Chelsea Physic Garden, London England, May 2017

by Emma Bumpus on May 16, 2017

Careertraveller uncovers fertile pleasure-giving treasure on the edge of the River Thames where scent and science take us on a journey to London’s oldest botanical garden.

Entry to this 4 acre walled garden with wrought iron Swan Walk gate and pendulous leafy green vine is a romantic opening to what feels rather clandestine and intimate in the capital’s borough of Kensington and Chelsea. Greeted by fifty shades of mesmeric green oxygenating space awaits a playground of trees, borders and plants, which set in a variegated oasis of colour delivers an elixir of botany that smacks of scientific research and worldwide learning.

Established in 1673 as a centre for learning and study of medicinal plants by the Worshipful Society of Apothecaries of London, we time travel back to a period of European Renaissance inspired plant curiosity and botanical exploration across the continents.

Entrenched in global travel and maritime history we uncover the transportation and exchange of plants behind botanical medicine on a free-guided tour conducted by knowledgeable volunteers. A poignant meeting point at the garden statue of benefactor Sir Hans Sloane sows the seeds for a reflective insight to the life of young apothecaries who once studied plant-based medicine.

The Garden of Medicinal Plants takes us on a flight from India to Oceania beds with evidence of cardamom to tea tree traditional herbal medicine, which leads to The Pharmaceutical Garden, a collection of roughly 60 plants used for a variety of modern day ailments. From Oncology to Dermatology we uncover a display of clever medicine boxes revealing modern day medicine in its form, most befitting of a contemporary physic garden, built for peace as well as visitor information and services.

Gardens and herbs galore, our trail of fragrant Mediterranean Rosemary and Lavender to Ginko biloba of China takes an extraordinary U turn in a neighbouring corner of exotic looking architectural plants labelled “poisonous, do not touch”. Strikingly exotic blue, purple flowers of the Himalayan Monkshood cunningly conceal their poison or aconitine toxin and underline the diversity and study of plant chemistry that comes with the origins of a botanical garden.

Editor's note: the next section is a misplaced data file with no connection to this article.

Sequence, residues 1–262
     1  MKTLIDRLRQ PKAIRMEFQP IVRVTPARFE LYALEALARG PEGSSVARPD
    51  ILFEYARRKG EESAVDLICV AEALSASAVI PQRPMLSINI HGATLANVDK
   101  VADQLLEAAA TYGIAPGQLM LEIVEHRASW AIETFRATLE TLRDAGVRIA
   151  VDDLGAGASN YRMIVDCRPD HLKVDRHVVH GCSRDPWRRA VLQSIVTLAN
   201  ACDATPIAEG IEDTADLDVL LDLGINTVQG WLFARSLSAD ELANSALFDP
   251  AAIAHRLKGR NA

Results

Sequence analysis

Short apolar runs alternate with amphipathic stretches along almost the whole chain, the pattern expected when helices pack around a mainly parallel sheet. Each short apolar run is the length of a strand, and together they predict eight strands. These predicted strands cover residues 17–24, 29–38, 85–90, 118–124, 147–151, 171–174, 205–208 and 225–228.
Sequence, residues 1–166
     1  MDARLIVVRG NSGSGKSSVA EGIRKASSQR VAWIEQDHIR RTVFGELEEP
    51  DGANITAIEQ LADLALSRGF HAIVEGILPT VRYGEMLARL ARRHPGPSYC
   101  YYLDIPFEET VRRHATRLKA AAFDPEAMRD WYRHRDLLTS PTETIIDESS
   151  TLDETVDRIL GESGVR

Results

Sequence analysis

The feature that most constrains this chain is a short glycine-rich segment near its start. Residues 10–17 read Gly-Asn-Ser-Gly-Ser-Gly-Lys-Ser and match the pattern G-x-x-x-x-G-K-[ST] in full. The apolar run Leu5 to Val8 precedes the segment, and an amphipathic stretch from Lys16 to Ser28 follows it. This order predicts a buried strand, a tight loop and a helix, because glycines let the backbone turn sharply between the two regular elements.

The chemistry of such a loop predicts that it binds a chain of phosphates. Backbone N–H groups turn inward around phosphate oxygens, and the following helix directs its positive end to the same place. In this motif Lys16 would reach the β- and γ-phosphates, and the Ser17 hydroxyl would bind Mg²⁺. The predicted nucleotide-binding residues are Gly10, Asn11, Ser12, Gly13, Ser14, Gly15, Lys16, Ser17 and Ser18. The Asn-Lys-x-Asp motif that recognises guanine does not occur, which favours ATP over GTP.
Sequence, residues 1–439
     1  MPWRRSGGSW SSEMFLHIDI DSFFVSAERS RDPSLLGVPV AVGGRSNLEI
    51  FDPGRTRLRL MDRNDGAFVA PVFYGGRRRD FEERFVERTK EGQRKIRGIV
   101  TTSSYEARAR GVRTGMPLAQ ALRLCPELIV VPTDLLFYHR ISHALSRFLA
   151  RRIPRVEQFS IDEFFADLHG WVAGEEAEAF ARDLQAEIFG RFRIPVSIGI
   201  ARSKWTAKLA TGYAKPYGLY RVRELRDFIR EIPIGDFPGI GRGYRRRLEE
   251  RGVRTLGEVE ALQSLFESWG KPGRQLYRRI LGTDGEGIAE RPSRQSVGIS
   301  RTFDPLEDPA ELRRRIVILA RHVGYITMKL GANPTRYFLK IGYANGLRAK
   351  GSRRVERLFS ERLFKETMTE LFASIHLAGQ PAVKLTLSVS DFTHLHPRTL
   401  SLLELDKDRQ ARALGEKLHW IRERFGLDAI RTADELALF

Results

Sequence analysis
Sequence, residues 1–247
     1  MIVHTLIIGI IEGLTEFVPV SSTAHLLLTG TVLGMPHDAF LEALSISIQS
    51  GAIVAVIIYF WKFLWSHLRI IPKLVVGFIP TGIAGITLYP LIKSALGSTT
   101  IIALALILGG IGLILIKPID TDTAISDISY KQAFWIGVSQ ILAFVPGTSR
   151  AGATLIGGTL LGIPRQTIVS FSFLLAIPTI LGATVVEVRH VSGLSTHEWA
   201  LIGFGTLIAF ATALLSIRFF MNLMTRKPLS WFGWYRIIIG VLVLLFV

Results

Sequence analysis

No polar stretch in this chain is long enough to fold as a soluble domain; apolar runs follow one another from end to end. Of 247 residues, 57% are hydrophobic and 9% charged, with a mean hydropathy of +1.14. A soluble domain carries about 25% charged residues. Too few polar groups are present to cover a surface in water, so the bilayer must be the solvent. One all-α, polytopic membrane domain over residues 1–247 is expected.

An educational meander past the traditional Order Beds comes a division of Dicotyledon and Monocotyledon plant families, which define botany with their linear arrangement and artist’s palette of colour bursting with orderly organic growth and bustling wildlife.

Hues of violet blue and sunny yellow and orange assist urban pollinators exceed their potential amongst a spray of flowers, including Phacelia Tanacetifolia, known as Fiddleneck to luminous Eschcholzia Californica or Golden Poppy. It is of no surprise to discover the latter is the official state flower of California and used as a herbal remedy for tooth pain and anxiety.

Getting lost amongst the birds and bees defines this Physic working garden in progress and draws us towards a multitude of gardens within a garden fit for purpose. Artistic yet functional, we uncover a collection of plants used for everyday life such as sugar beet in The Garden of Edible and Useful Plants. Amongst providing high-energy food for Man we discover the vegetable’s use in farming, which raising soil PH levels and feed for livestock, connects us with plants.

From Asia and Australasia to South America we enter the plant-hunting world of Joseph Banks and Robert Fortune in The World Woodland Garden and embark on an evergreen voyage of shade tolerant plants. Beneath the sheltering forest-like palms and sidewalk giant saucer-like hostas we consider the effects of deforestation amidst the lush vegetation and tropical plantation timber and admire the botanists universal species.

The ancient Ginkgo Biloba tree is a Careertraveller favourite with it’s tumbling Rapunzel like shoots that twist and twirl to the ground between dainty fan shaped leaves used for western herbal medicine. Native to China we admire this endangered species known as ‘living fossil’ and step into the world of Chinese traditional medicine, which over the centuries has led to extensive homeopathic research in the fields of dementia and Alzheimer’s disease.

Our plant hunting tour ends at the Tangerine Dream Café where a garden fresh salad and glass of fine chardonnay deliver spring on a plate. Alfresco dining overlooking enchanting grounds are the ultimate garden party and an excuse to sign up for a seasonal course in botany or beekeeping, the list is endless!

A final mooch in the nearby Glasshouses ignite the Careertraveller wanderlust in The Tropical Corridor of medicinal plants from the faraway steamy and sultry tropics and subtropics. Home to the climbing Vanilla Planifolia orchid and latest first chocolate pod from the cacao tree, Chelsea Physic Garden is a breath-taking cauldron of science and travel, which as an independent charity salutes Sir Hans Sloane, volunteers and Friends of the Garden who donate their time and funds to maintain London’s secret garden.

Further information:

Chelsea Physic Garden
Walks, Talks & Workshops

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